Abstract:  The goal of this work is to separately control individual secure sessions between unlimited pairs of multicast receivers and senders. At the same time, the solution given preserves the scalability of receiver initiated Internet multicast for the data transfer itself. Unlike other multicast key management solutions, there are absolutely no side effects on other receivers when a single receiver joins or leaves a session and no smartcards are required. Solutions are presented for single and for multi-sender multicast. Further, we show how each receiver's data can be subject to an individual, watermarked audit trail. The cost per receiver-session is typically just one short set-up message exchange with a key manager. Key managers can be replicated without limit because they are only loosely coupled to the senders who can remain oblivious to members being added or removed. The technique is a general solution for access to an arbitrary sub-range of a sequence of information and for its revocation, as long as each session end can be planned at the time each access is requested. It might therefore also be appropriate for virtual private networks or for information distribution on other duplicated media such as DVD.


PostScriptAdobe AcrobatWord 6HTMLNark: Receiver-based Multicast Non-repudiation and Key Management, Bob Briscoe & Ian Fairman (BT), in Proc 1st ACM Conference on E-commerce (EC'99), Denver, CO, US (3-5 Nov 1999) [BibTeX]

Presentation

Abstract:  The goal of this work is to separately control individual secure sessions between unlimited pairs of multicast receivers and senders while preserving the scalability of receiver initiated Internet multicast for the data transfer itself. Unlike other secure multicast solutions, there are absolutely no side-effects on other receivers when a single receiver joins or leaves a session. Each individual receiver can also reliably prove whether any fragment of the data hasn't been delivered or wasn't delivered on time (e.g. late video frames). Further, each receiver's data can be subject to an individual, watermarked audit trail. The cost per receiver-session is typically just one set-up message exchange with a key manager. Key managers can be replicated without limit because they are only loosely coupled to the senders who can remain oblivious to members being added or removed. The solution requires a tamper-resistant processor such as a smartcard at each receiver. However, generic cards supplied by a trusted third party are used rather than cards specific to each information provider. The technique can be applied to other bulk data distribution channels instead of multicast, such as DVD.

Keywords: Multicast, Non-repudiation, Key management, Smartcard, Watermark, Audit trail, Internet

Adobe AcrobatNark: Receiver-based Multicast Non-repudiation and Key Management, Bob Briscoe & Ian Fairman, BT Technical Report TR-NZG12-1999-001 (2 Jun 1999) [BibTeX]
[Full report, on which the above paper is based]

Adobe AcrobatThe Direction of Value Flow in Open Multi-service Connectionless Networks, Bob Briscoe (BT), BT Technical Report TR-NZG12-2000-001 (20 Aug 2000) (20pp (inc 6pp appendices), 7 figs, 24 refs) [BibTeX]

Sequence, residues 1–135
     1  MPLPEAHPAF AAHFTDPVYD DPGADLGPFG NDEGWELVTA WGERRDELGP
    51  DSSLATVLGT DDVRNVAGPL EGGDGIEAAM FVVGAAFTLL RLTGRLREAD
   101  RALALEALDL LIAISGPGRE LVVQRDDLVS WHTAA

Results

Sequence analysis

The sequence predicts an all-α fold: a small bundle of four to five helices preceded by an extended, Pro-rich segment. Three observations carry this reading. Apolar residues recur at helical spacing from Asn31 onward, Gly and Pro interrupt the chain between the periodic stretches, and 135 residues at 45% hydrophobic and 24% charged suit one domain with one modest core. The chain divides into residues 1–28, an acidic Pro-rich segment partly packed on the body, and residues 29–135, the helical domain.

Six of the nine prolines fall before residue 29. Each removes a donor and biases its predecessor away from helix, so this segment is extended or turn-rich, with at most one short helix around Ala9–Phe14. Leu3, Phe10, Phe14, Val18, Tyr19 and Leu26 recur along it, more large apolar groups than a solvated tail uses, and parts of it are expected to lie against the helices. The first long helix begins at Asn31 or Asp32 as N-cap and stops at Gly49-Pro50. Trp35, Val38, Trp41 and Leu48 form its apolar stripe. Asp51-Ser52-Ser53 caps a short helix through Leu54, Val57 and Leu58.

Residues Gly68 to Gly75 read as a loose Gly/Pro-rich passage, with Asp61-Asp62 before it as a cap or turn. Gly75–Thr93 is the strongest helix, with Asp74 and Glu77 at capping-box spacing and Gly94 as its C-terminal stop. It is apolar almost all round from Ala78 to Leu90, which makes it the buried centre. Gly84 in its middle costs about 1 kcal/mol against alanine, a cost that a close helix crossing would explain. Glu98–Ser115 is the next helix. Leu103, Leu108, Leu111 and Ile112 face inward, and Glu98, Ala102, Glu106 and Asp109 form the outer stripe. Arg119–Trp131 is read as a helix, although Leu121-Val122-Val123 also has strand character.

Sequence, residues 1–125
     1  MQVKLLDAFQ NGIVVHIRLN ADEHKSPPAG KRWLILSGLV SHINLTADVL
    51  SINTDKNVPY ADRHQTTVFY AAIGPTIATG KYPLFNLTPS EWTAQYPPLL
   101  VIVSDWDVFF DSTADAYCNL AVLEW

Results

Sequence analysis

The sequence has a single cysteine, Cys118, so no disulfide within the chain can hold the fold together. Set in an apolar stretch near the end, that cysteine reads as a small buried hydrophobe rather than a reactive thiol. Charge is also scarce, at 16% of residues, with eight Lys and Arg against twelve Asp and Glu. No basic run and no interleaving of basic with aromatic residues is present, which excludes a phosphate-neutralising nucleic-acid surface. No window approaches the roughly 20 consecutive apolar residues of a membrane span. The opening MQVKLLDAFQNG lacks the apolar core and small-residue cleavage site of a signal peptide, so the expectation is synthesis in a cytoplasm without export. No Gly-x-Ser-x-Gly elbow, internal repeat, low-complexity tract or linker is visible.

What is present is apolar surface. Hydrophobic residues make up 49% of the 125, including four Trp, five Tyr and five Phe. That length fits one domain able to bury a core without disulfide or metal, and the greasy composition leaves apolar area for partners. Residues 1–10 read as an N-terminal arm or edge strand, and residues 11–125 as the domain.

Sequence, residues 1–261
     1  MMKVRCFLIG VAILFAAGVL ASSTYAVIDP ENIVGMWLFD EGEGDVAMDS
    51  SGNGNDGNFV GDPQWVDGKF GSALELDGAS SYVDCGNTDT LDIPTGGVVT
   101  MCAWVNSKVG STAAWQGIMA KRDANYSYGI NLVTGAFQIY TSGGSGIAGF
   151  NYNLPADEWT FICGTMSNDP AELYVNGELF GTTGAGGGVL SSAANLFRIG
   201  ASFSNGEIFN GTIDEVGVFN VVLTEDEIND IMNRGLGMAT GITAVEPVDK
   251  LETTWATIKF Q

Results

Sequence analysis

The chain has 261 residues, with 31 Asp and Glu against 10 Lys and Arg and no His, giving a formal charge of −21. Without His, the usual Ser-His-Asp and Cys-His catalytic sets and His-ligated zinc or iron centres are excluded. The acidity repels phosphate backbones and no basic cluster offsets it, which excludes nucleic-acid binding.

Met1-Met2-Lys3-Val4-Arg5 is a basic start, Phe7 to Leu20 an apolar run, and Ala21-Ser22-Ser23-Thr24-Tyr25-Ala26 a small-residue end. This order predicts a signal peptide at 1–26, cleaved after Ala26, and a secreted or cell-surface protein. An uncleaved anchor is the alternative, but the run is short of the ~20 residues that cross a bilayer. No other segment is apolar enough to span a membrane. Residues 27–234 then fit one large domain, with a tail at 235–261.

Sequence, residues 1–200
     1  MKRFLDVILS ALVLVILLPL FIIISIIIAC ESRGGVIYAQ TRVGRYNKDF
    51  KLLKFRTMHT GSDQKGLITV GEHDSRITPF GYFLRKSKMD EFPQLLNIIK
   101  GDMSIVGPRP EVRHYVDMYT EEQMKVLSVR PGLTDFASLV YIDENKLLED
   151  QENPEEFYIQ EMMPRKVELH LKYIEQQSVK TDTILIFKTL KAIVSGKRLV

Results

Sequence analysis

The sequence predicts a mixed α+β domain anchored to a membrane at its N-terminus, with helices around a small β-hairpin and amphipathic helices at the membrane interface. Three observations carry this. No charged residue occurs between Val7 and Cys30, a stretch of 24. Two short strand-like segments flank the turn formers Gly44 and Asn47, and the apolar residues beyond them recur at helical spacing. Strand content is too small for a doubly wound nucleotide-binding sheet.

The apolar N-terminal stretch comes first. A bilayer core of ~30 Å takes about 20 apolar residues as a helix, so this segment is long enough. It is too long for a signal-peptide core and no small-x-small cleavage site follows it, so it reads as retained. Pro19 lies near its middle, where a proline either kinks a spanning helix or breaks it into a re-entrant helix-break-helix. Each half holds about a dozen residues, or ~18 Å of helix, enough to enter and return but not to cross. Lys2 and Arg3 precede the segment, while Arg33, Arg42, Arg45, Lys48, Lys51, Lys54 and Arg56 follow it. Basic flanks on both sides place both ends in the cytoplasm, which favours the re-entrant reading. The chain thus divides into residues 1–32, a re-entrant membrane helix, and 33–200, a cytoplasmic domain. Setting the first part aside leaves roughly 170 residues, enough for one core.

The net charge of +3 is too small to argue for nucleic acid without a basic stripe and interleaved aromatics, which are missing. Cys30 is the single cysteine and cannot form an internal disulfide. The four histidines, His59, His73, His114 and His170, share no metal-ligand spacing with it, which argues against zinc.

Abstract:  [The union of the two papers below]
Adobe AcrobatPostScriptHTMLThe Direction of Value Flow in Connectionless Networks, Bob Briscoe (BT & UCL), invited paper, In Proc. First International Workshop on Networked Group Communication (NGC'99) (LNCS pub. Springer-Verlag ), Pisa, Italy (17-20 Nov 1999) (17pp (inc 3pp appendices), 7 figs, 23 refs) [BibTeX]

Presentation

Abstract:  [A modified version of the ICTEC'99 paper below (with just a summary of the maths, but highlighting the multicast aspects of the work)].
Adobe AcrobatPostScriptWord 6HTMLThe Direction of Value Flow in Multi-service Connectionless Networks, Bob Briscoe (BT & UCL), In Proc. Second International Conference on Telecommunications and Electronic Commerce (ICTEC'99), Nashville, TN, US, (6-8 Oct 1999) (19pp (inc 6pp appendices), 7 figs, 22 refs) [BibTeX]

Presentation
 

Abstract:  This paper argues that, for scalability, all network providers in a connectionless multi-service network should offer each class of their service to each neighbour for each direction at a single price. This is called 'split-edge pricing'. To preserve scalability, if sets of customers wish to reapportion their networking charges between themselves, this should be tackled end-to-end. Edge reapportionment should not be muddled with networking charges, as is the case in the telephony market. Avoiding the telephony approach is shown to offer full reapportionment flexibility, but avoids the otherwise inevitable network complexity. 'Split-edge pricing' is recursive, applying as much to relationships between providers as to edge-customers. Various scenarios are discussed, showing the advantage of the approach. These include phone to Internet gateways and even inter-domain multicast conferences with heterogeneous QoS. The business model analysis suggests a new, purely financial role of end-to-end intermediary in the Internet industry.

Keywords: Charging, pricing, end-to-end, clearing, multicast, Internet, business models.